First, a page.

The gross domestic product (GDP) posted a growth of 0.29 per cent in the fiscal year 2022-23 as the economy faced tremendous challenges of macroeconomic imbalances, supply shocks, and international economic slowdown.
According to the Pakistan Economic Survey 2022-23, floods engulfed a large part of agricultural land in the first quarter of the fiscal year 2023 and disrupted the domestic supply.
The country suffered flood damages to the tune of Rs. 3.2 trillion, the GDP loss clocked in at Rs3.3 trillion while the rehabilitation expenditures came at Rs3.5 trillion, the report showed.
The increase in international prices and currency depreciation which led to an increase in domestic commodity prices has reduced the aggregate demand in the fiscal year 2023.
The per capita income stood at $1,568 during the outgoing fiscal year, compared with $1,765 in the last year on account of currency depreciation, lower GDP growth, and rising population.
The investment to GDP ratio also declined as it stood at 13.6 per cent in the fiscal year 2023 compared with 15.6 per cent during the last fiscal year, due to a slowdown in global and domestic economic activity and contractionary macroeconomic policies.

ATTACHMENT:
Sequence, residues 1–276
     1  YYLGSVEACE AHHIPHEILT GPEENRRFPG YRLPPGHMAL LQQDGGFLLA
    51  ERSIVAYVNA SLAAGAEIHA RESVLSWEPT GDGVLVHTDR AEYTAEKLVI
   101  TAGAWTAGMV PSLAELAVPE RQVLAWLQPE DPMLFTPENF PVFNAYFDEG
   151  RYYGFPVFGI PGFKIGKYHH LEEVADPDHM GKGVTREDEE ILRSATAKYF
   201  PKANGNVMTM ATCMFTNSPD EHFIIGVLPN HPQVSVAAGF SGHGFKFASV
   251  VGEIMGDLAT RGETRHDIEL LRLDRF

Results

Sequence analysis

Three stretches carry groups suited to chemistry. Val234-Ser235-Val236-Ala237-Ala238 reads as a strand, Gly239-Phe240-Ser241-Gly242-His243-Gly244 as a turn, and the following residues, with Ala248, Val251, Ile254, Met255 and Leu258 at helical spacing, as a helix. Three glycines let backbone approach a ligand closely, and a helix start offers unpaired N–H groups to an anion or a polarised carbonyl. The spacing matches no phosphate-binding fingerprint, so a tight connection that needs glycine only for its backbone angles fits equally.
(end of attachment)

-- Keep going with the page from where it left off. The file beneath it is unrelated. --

On the flip side, the growth of the agriculture sector has been estimated at 1.55 per cent in the fiscal year 2023 despite the devastating impact of flash floods. This growth is mainly driven by some main crops of wheat, sugarcane, and maize and livestock.
The industrial sector, however, posted a negative growth of 2.94 per cent in the fiscal year 2023. The sector’s performance is more dependent on the manufacturing sector which has a share of 65.0 per cent in the industry, the report stated.
“Apart from external shocks, Pakistan’s economy is also confronted with multiple domestic shocks. Flood damages have resulted in losses for the cotton industry which constitutes half of the industry’s required cotton input, it added.
The State Bank of Pakistan’s restrictive policies to correct the balance of payment crisis and control inflation, such as high interest rates and import restrictions have created headwinds for business and consumer confidence, as well as investment.
The Large Scale Manufacturing (LSM) growth during the first nine months of the fiscal year 2023 declined 8.11 per cent as compared to the growth of 10.6 per cent in the same period last year.